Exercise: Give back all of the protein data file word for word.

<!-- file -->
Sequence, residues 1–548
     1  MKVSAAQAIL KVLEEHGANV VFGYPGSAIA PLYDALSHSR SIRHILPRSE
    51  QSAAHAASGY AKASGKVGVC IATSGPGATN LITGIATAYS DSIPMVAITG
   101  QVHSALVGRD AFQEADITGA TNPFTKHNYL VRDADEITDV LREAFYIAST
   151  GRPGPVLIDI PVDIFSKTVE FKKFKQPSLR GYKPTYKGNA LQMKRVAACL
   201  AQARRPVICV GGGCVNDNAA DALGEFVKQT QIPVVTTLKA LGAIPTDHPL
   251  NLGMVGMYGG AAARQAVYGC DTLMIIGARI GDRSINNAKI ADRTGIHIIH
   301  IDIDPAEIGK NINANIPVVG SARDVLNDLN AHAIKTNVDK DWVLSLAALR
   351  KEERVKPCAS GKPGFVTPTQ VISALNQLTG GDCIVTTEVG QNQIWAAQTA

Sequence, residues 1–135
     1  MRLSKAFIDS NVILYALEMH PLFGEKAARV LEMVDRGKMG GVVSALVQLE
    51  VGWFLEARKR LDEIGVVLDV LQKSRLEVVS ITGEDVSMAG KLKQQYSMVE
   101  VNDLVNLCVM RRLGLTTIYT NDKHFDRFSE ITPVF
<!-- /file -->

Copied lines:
Sequence, residues 1–548
     1  MKVSAAQAIL KVLEEHGANV VFGYPGSAIA PLYDALSHSR SIRHILPRSE
    51  QSAAHAASGY AKASGKVGVC IATSGPGATN LITGIATAYS DSIPMVAITG
   101  QVHSALVGRD AFQEADITGA TNPFTKHNYL VRDADEITDV LREAFYIAST
   151  GRPGPVLIDI PVDIFSKTVE FKKFKQPSLR GYKPTYKGNA LQMKRVAACL
   201  AQARRPVICV GGGCVNDNAA DALGEFVKQT QIPVVTTLKA LGAIPTDHPL
   251  NLGMVGMYGG AAARQAVYGC DTLMIIGARI GDRSINNAKI ADRTGIHIIH
   301  IDIDPAEIGK NINANIPVVG SARDVLNDLN AHAIKTNVDK DWVLSLAALR
   351  KEERVKPCAS GKPGFVTPTQ VISALNQLTG GDCIVTTEVG QNQIWAAQTA

Sequence, residues 1–135
     1  MRLSKAFIDS NVILYALEMH PLFGEKAARV LEMVDRGKMG GVVSALVQLE
    51  VGWFLEARKR LDEIGVVLDV LQKSRLEVVS ITGEDVSMAG KLKQQYSMVE
   101  VNDLVNLCVM RRLGLTTIYT NDKHFDRFSE ITPVF